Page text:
by Madeline Ashby
In the future Ashby envisions, bioaugmentation has become so universal that Go Jung-Hwa, unedited and suffering from congenital Sturge-Weber Syndrome, is effectively unique, a black swan in a world where everyone else's perceptions and interactions are fully regulated by augmented reality. Hwa is just trying to live her life, working as a bodyguard for the local sex workers' union and teaching them self-defense on the side when her duties bring her into contact with Daniel Siofra, a mysterious fixer who works directly under the man who now owns the whole town. Suddenly, Hwa finds herself tasked with protecting a vulnerable child while around her, her old start dying under horrific circumstances.
The strongest aspect of Company Town is the worldbuilding. Ashby's new future is gritty and immersive, familiar and yet imbued with an alien strangeness. The story takes place in a near-future mining town in Canada that is undergoing the same sort of rusting as so many current industrial towns. The single-product economy is on the brink of failure, and while the town's new owner/investor may bring it back to life, everyone in the town is on edge about the potential cost. However familiar the social and economic situation might be, the people themselves walk around in augmented reality, their vision tagged with identifying information of the people they see, their forms obscured and defined by virtual reality instead of physicality. Botflies--no, not those botflies; these are flying robots-- buzz around everywhere, acting as tiny and ubiquitous paparazzi. A post-human civilization seems to be just on the horizon.
The concept is fascinating and the book itself is packed with nonstop action. However, I found the plot itself rather more problematic, from the core concept to the solution of the underlying mystery. I felt that not even the basic setup could withstand cursory examination; for example, I was completely puzzled about why Hwa, hired as a bodyguard for a kid, ends up attending school with him as a fellow student rather than actually guarding him. Everyone knows what she's doing, so it's not a disguise, and having your bodyguard take classes and do homework seems a great way to keep them distracted. Outside of school, Hwa spends basically all the time on her own rather than actually guarding the kid, again without any explanation. Not only that, but Hwa herself ends up as a target, and even though her very presence puts her charge in danger, they keep her as his bodyguard, with no explanation for why anyone would keep a bodyguard who is clearly getting the body into danger rather than guarding it.(show spoiler)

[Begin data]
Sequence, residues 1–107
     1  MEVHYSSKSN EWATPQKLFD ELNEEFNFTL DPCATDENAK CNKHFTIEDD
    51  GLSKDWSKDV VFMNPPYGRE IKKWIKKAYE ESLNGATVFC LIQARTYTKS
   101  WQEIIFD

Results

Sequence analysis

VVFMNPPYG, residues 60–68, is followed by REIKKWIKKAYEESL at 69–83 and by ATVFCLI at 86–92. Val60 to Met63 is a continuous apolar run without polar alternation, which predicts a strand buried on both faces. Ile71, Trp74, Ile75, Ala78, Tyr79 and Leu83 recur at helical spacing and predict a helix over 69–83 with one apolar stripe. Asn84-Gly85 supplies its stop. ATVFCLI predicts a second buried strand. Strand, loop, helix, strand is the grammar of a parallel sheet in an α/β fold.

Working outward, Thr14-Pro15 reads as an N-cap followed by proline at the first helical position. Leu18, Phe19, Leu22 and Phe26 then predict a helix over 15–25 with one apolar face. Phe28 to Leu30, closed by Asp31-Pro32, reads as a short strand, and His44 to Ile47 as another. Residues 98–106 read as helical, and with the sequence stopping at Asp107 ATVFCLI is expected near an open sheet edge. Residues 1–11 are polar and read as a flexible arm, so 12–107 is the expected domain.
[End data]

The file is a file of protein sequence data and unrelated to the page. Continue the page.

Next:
Very little else about the plot could bear scrutiny, from the action scenes to the final reveal.(show spoiler)
The book is also a good example of a common device used in mysteries that I call "plot-driven obscurity," where characters withhold facts or wrap them in cryptic statements solely because doing otherwise would reveal the mystery.(show spoiler)
However, such issues aren't out of the ordinary for thrillers, and if you're in the right mood, I think they can easily be overlooked.
Plot issues aside, Company Town is an interesting story tackling some compelling issues ranging from post-human life to the politics of prostitution. Throughout, Hwa struggles to be seen--and to see herself-- as a person instead of a disorder. She also fights to come to terms with her frustratingly appearance-obsessed mother, and a culture in which people prefer to edit her out rather than see her disfigurement. Despite a few plot weaknesses, Company Town is an interesting scifi read with an interesting protagonist and a vivid vision of a near future.
~~I received an advanced reader copy of this ebook through Netgalley from the publisher, Macmillan-Tor/Forge, in exchange for my honest review.~~